Dr. Eddy Arnold Elected as 2014 American Crystallographic Association Fellow
Eddy Arnold, Board of Governors Professor of Chemistry and Chemical Biology at Rutgers University, and Resident Faculty Member at the Center for Advanced Biotechnology and Medicine, was recently elected as a Fellow of the American Crystallographic Association (ACA). Professor Arnold was honored for his research in macromolecular crystallography and drug design targeting infectious disease agents, and also for his contributions to the field through scholarly and organizational activities. Faculty colleague Helen Berman, also Board of Governors Professor of Chemistry and Chemical Biology at Rutgers University, was elected as an ACA Fellow in the inaugural class of 2011. ACA Fellows serve as scientific ambassadors to the broader scientific community and the general public to advance science education, research, knowledge, interaction, and collaboration.
Professor Eddy Arnold has been a faculty member at Rutgers since 1987, following undergraduate and graduate study in chemistry at Cornell University with Professor Jon Clardy, and postdoctoral research at Purdue University, where he worked with Professor Michael G. Rossmann (ACA Fellow 2011) to obtain a picture of a human common cold virus in atomic detail, the first animal virus structure. Arnold is author of more than 250 publications in prominent peer-reviewed scientific journals. With Professor Rossmann, Arnold co-edited the first International Tables for Crystallography volume devoted to crystallography of biological macromolecules (Volume F, editions published in 1999 and 2012). Eddy Arnold also has served on several national and international advisory committees, including for synchrotron X-ray facilities, and served as Chair of the International Union of Crystallography Commission on Biological Macromolecules (2005-2011).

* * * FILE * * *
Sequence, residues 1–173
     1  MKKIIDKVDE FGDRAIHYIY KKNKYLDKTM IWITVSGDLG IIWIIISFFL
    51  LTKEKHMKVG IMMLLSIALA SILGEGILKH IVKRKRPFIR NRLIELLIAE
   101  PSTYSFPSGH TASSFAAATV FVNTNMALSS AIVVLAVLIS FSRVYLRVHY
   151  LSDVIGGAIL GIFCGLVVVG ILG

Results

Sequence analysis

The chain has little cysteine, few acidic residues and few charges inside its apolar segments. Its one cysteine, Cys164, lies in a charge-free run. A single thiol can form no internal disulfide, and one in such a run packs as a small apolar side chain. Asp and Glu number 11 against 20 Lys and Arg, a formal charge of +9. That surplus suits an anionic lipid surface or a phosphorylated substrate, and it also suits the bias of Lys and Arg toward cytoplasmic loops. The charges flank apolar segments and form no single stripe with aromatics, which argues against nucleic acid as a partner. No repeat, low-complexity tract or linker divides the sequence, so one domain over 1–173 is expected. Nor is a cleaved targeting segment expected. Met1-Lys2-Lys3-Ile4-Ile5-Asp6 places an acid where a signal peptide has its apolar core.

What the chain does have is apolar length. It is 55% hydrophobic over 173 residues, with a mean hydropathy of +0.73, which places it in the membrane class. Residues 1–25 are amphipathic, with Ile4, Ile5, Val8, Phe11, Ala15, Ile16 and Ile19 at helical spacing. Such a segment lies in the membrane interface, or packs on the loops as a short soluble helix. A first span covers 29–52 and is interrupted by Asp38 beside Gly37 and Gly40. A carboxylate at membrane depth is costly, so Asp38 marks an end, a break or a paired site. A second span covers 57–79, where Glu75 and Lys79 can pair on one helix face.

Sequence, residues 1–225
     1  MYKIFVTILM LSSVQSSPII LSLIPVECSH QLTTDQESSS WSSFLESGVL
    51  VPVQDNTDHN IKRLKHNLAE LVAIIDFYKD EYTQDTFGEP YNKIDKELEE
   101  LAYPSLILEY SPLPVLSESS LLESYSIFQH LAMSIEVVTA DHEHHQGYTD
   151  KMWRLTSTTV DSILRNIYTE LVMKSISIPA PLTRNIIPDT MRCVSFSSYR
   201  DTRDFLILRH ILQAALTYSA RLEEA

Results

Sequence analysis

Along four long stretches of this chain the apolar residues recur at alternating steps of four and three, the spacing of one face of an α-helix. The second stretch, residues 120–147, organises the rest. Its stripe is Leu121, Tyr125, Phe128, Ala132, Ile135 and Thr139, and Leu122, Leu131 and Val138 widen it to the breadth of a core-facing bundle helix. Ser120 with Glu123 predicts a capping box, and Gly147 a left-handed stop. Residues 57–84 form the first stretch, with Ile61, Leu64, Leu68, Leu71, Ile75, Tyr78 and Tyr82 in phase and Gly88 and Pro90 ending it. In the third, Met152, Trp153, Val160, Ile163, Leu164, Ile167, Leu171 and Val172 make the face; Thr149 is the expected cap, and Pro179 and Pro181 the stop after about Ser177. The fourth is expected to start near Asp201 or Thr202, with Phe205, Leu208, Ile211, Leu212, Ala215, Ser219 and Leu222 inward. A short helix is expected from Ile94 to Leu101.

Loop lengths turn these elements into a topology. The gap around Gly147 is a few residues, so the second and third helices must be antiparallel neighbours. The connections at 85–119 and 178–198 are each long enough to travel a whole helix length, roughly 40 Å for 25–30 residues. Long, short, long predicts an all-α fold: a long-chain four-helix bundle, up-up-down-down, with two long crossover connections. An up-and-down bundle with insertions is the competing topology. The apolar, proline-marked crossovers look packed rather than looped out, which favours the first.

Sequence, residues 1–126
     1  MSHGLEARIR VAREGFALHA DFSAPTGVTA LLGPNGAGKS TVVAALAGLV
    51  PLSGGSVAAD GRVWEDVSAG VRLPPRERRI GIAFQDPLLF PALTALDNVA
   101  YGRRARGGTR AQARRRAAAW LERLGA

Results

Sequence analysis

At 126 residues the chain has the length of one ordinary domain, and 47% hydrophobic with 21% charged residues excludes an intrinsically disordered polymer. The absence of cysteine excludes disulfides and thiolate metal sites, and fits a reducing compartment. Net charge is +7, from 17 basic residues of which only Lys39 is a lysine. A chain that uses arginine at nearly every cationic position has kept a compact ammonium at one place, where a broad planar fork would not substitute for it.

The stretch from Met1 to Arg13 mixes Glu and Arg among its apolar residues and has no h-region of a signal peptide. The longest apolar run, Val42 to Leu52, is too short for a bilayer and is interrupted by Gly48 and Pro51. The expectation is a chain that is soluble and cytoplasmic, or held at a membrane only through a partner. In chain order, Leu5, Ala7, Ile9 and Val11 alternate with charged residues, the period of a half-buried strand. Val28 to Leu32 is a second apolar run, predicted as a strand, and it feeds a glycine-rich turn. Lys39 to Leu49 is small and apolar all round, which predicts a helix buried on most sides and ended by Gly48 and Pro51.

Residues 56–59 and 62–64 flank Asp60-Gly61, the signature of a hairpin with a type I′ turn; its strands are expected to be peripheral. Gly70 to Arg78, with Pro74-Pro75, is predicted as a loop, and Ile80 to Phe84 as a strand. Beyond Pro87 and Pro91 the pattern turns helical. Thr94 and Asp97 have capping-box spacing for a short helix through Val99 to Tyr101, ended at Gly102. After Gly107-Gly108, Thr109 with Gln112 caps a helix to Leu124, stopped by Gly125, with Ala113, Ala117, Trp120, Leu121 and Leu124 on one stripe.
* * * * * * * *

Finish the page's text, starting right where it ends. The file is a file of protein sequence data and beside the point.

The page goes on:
Professor Eddy Arnold is an elected Fellow of the American Association for the Advancement of Science (2001), and of the American Academy of Microbiology (2006). Since its inception in 1987, Professor Arnold’s laboratory has been continuously funded by the National Institutes of Health (NIH), and he is the recipient of two consecutive NIH MERIT Awards (1998-2008, 2009-2019), which extend five-year grants to ten years and are awarded to less than 5% of NIH investigators. In 2013 Dr. Arnold received the Hyacinth Award “Honoring outstanding achievements in the struggle against HIV/AIDS,” recognizing work that he and his group have done to understand the structure and function of the AIDS virus reverse transcriptase enzyme, and to develop drugs that can overcome resistance. HIV reverse transcriptase is responsible for copying the viral genetic material in infected cells and is the target of many of the most widely used anti-AIDS drugs.
The year 2014 has been designated by UNESCO as the International Year of Crystallography (IYCr) to celebrate the 100th anniversary of the discovery of X-ray diffraction, the phenomenon that enables determination of the structures of molecules ranging in complexity from table salt to entire viruses and other complex biological machines. Professor Arnold was Director of an International School of Crystallography course on structure-based drug design in Erice, Sicily, Italy in June 2014, attended by 160 scientists from around the world. Dr. Arnold also presented a Keynote Lecture at the International Union of Crystallography Congress in Montreal in August describing his laboratory’s structural studies of HIV reverse transcriptase and how that information has contributed to the discovery and development of two drugs used for treating HIV infection. In October 2014 he also gave invited lectures at Purdue University, in Italy (International Year of Crystallography Meeting in Torino), and in France (European Molecular Biology Laboratory Outstation, Grenoble, and Institute for Genetics and Molecular and Cellular Biology, Strasbourg).
Professor Arnold said: “being named an ACA Fellow is particularly gratifying because of my passion for and long-term involvement in crystallography and the pivotal contributions of this field to fundamental chemical and biological knowledge and ongoing biomedical discovery.”